As a worship leader, one of my greatest joys is to watch a set-list come alive in worship. A well selected set of worship songs encourages participation, places appropriate prayers in the hearts of the people, moves them to intimacy with God and invokes a love response to Him.
Having said that, one of the easiest worship leading mistakes is to choose the wrong set of songs for a session. So here are eight tips to put together an effective worship set-list:
1. Pay attention to the theme of the day
Start with the theme and list down possible songs around it. A useful rule-of-thumb to follow is to have at least one song in the set-list that highlights the theme.
2. Keep the focus on God
Psalm 100:4 teaches us that when we worship God, we are entering His gates, His courts and into His Presence. So the ideal thing to do is give thanks to Him and praise His Name. Worship must be about God – so less songs about ‘us’ is better.
3. Prioritize familiar songs above new songs
Worship leaders/musicians get tired of songs faster than others. While I get that, 99% of the times, known songs lead to better participation than new songs. So less new songs and more known songs.
4. Don’t ignore new songs
It’s one thing to take known songs to keep the congregation comfortable; but it doesn’t stop there! While putting together a set-list, have a ear open to discover those fresh prayers in song that’d enhance the vocabulary of praise and worship of the congregation, breathe freshness into the worship and challenge people out of their comfort zones. It helps to introduce one or two new songs in a month.
5. Look at the song, not the songwriter
No matter how great a songwriter is, not every song written by him/her can be a winner in congregational worship. It’s important to assess a song on the strength of its lyrics, melody, singability etc. and not just by the name/reputation of its songwriter.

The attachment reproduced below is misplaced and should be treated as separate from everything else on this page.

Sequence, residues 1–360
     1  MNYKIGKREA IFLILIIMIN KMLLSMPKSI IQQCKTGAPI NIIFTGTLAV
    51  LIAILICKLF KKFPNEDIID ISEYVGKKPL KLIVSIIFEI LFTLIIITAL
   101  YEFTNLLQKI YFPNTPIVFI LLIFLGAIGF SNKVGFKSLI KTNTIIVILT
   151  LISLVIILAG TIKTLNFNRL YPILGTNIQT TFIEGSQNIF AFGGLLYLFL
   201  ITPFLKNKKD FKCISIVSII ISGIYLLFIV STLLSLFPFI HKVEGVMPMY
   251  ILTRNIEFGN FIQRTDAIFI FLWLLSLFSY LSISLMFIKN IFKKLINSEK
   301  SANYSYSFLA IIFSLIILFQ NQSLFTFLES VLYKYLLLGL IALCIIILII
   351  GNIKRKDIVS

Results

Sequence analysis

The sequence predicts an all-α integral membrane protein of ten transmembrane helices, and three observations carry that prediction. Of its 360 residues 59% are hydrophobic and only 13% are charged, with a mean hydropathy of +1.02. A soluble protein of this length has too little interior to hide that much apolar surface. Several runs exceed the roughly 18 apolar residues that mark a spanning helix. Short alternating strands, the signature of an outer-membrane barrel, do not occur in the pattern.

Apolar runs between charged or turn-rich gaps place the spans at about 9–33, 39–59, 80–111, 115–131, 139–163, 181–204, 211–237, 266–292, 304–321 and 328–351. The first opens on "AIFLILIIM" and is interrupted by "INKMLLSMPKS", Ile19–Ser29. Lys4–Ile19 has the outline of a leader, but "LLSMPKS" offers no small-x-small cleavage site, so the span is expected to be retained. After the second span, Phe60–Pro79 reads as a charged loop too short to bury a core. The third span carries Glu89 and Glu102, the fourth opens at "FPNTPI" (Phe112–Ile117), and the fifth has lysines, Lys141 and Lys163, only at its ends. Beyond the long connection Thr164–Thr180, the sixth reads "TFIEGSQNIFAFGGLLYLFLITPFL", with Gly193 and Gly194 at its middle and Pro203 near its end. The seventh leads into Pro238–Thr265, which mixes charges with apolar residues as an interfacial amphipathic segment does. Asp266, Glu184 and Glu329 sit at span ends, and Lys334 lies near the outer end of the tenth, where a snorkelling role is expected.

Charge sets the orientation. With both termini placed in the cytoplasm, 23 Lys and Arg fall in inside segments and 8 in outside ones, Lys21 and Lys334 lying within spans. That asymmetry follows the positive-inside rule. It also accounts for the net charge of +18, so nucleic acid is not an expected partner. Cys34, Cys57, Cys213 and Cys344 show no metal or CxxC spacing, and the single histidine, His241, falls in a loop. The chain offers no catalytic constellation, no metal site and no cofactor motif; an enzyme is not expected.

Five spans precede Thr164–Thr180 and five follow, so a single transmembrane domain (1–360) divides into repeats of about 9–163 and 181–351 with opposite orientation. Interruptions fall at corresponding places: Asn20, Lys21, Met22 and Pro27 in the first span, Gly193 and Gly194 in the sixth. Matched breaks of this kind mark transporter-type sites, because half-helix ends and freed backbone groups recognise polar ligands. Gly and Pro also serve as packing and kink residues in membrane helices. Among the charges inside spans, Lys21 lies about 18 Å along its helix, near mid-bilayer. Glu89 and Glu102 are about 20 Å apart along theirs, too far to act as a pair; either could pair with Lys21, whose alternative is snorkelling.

6. While songs need to be congregation-friendly, they should also be our congregation-friendly
Songs that work in the United States need not work in India and vice versa. While evaluating congregational accessibility of a song, it’s good practice to also consider local cultural accessibility. Consider who is our congregation (teens? young adults? elders?) and pick songs accordingly. Remember to keep it simple - a typical congregation consists more of regular folks than highly skilled musicians/singers.
7. Consider musical elements
Is the song singable at a comfortable key? Tempo and rhythm fitting into the overall set-list? Is the style/complexity within range of our musicians and congregation? If the answer is not ‘yes’ to these questions, the song should most likely not make it to the set-list.
8. Listen to the Holy Spirit
This is a no-brainer, but the temptation to finalize a set-list based on our experience and skill always lurks around! Praying to the Holy Spirit, waiting upon Him and obeying His inspiration is probably the most important responsibility of a worship leader while constructing set-lists. Another good practice is to run the entire set-list in a time of personal worship, understand what works and what doesn't and edit the set accordingly.
How do you plan your set-lists? Can you share what works for you?